The wicked lawyers and judges did not stop at the burning. They abused Alma and Amulek and mocked them. They were cast into prison, stripped of their clothes, had food and water withheld from them and beaten. This abuse continued for many days. After enduring all this unimaginable suffering, Alma cried out, "How long shall we suffer these great afflictions, O Lord? O Lord, give us strength according to our faith which is in Christ, even unto deliverance." (Alma 14:26) At that moment in time, the Lord gave them strength and they were miraculously delivered. Despite being emaciated, Alma and Amulek appeared as lions emerging from the ruins of their prison.
This pattern continues throughout all the Book of Mormon. Our heroes endure extreme afflictions and when all hope should be lost, they are delivered because of their faith.
I cannot relate all the stories that demonstrate this idea, but there is one more that powerfully demonstrates this idea. Samuel the Lamanite had prophesied that the birth of Christ would be marked by a day and a night and another day as one day without darkness. As the years passed, some prophecies were fulfilled while others had not yet been fulfilled. Satan put it into the hearts of those in power to set aside a day in which if the sign of Christ's birth were not fulfilled, all the unbelievers would be put to death. (3 Nephi 1:9) Nephi prayed mightily that the sign would come and he received an assurance that it would. Can you imagine the faith of those members of the church who did not know as Nephi did? In what would seem like the darkest hour for them, the darkness that would normally come at night did not come. "At the going down of the sun, there was no darkness; and the people began to be astonished." (3 Nephi 1:15)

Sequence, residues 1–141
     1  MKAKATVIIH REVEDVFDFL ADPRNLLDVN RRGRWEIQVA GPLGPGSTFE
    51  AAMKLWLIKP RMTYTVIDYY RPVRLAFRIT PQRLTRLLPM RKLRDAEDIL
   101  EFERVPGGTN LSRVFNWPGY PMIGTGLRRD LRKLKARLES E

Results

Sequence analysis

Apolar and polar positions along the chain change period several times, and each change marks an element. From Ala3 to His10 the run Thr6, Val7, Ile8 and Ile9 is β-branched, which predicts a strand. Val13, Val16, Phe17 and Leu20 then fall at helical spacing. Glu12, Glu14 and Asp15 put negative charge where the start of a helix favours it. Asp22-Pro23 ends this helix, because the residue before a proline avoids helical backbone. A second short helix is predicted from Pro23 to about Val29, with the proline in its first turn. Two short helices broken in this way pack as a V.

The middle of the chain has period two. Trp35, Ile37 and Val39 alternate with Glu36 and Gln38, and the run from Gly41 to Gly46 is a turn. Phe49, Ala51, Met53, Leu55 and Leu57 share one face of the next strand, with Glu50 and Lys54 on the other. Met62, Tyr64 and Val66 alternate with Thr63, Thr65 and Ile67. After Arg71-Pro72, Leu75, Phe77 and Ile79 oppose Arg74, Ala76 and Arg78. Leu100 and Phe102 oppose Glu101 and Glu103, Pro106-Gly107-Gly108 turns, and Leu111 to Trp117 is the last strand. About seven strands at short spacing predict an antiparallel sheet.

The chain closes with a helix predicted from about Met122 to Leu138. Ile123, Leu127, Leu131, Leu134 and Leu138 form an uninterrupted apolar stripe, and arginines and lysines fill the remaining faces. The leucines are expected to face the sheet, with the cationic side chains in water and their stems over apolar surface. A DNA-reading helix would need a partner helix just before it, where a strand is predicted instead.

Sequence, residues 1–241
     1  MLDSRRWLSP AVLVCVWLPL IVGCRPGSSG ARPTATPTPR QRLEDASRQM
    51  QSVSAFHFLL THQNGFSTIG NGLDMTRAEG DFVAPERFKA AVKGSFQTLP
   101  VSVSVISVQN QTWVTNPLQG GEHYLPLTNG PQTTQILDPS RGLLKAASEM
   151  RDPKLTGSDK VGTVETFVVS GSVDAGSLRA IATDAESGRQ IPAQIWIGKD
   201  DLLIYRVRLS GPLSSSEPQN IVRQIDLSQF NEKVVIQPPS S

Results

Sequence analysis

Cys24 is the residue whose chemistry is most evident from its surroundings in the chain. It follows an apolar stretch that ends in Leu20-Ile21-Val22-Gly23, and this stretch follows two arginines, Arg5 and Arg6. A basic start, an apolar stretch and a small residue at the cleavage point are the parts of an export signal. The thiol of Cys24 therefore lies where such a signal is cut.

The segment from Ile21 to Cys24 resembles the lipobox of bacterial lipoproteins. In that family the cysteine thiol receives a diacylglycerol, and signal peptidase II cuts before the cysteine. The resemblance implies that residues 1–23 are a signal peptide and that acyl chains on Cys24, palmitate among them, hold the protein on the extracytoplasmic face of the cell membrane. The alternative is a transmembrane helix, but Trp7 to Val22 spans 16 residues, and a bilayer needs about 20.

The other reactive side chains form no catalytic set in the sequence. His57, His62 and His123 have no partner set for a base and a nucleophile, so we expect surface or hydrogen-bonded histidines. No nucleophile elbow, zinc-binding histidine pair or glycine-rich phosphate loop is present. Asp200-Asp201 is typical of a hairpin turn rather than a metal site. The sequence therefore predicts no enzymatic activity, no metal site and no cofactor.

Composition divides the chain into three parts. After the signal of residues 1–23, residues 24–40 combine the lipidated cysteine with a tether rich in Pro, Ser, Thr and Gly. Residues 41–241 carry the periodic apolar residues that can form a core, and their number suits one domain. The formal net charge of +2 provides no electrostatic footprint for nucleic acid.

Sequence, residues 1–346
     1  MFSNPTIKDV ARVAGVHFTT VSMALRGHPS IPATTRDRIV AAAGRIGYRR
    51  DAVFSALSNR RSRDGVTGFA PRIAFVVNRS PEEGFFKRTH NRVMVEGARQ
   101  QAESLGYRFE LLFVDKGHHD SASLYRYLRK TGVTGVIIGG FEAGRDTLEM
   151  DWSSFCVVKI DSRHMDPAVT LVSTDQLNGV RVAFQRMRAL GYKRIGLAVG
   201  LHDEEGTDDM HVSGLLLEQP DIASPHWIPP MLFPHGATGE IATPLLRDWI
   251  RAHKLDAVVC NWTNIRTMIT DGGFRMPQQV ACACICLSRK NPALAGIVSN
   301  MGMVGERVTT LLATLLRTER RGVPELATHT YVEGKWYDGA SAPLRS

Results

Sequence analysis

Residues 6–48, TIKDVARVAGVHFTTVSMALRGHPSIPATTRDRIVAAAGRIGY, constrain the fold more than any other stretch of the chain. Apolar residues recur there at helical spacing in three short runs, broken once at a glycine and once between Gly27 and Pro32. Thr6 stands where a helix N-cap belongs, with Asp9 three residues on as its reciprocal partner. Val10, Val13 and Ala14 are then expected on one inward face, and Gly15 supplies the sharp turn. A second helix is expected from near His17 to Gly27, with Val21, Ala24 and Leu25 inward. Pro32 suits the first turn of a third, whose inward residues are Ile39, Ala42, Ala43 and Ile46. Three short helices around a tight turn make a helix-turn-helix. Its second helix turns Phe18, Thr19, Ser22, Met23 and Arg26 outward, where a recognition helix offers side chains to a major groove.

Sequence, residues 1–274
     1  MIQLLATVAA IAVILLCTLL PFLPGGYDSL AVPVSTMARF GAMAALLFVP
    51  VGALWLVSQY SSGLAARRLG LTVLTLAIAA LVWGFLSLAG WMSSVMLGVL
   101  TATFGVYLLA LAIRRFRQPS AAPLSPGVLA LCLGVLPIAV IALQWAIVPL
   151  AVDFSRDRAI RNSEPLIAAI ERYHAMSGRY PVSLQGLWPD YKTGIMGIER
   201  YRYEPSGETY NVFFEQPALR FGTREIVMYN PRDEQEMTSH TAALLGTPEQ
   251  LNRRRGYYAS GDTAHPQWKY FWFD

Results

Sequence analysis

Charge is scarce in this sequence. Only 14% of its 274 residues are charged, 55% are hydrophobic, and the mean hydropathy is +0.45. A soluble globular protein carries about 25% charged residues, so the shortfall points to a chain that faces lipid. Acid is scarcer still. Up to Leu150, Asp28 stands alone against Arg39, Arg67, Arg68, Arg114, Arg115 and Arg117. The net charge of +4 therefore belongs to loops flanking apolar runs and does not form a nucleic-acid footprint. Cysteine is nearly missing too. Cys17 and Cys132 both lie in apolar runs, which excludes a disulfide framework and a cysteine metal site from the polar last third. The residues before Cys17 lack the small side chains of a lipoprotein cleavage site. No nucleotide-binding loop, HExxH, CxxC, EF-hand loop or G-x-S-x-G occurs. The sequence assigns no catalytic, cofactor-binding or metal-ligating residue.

What can we learn from all these examples? We learn that we must never give up … we must always hope for a better day. As bad as things are in our world today with terrorism, wars, murders, rapes, global warming and all sorts of natural disasters and wickedness, I am convinced that the state of our world will become far worse before we see a ray of hope.
Consider D&C 88:87-91: "For not many days hence and the earth shall tremble and reel to and fro as a drunken man; and the sun shall hide his face, and shall refuse to give light; and the moon shall be bathed in blood; and the stars shall become exceedingly angry, and shall cast themselves down as a fig that falleth from off a fig-tree.
"And after your testimony cometh wrath and indignation upon the people.
"For after your testimony cometh the testimony of earthquakes, that shall cause groanings in the midst of her, and men shall fall upon the ground and shall not be able to stand.
"And also cometh the testimony of the voice of thunderings, and the voice of lightnings, and the voice of tempests, and the voice of the waves of the sea heaving themselves beyond their bounds.
"And all things shall be in commotion; and surely, men’s hearts shall fail them; for fear shall come upon all people."
But after all these things, Christ will come.
In our personal afflictions, we are not only to endure them, but we are to endure them well.
Elder Oaks quoted President Benson in a talk. President Benson said, “It is not on the pinnacle of success and ease where men and women grow most. It is often down in the valley of heartache and disappointment and reverses where men and women grow into strong characters” (in Conference Report, Stockholm Sweden Area Conference, 1974, 70).
“Every reversal can be turned to our benefit and blessing and can make us stronger, more courageous, more godlike” (in Conference Report, Philippine Islands Area Conference, 1975, 11). (Dallin H. Oaks, “Adversity,” Ensign, Jul 1998, 7)
Let us always hope.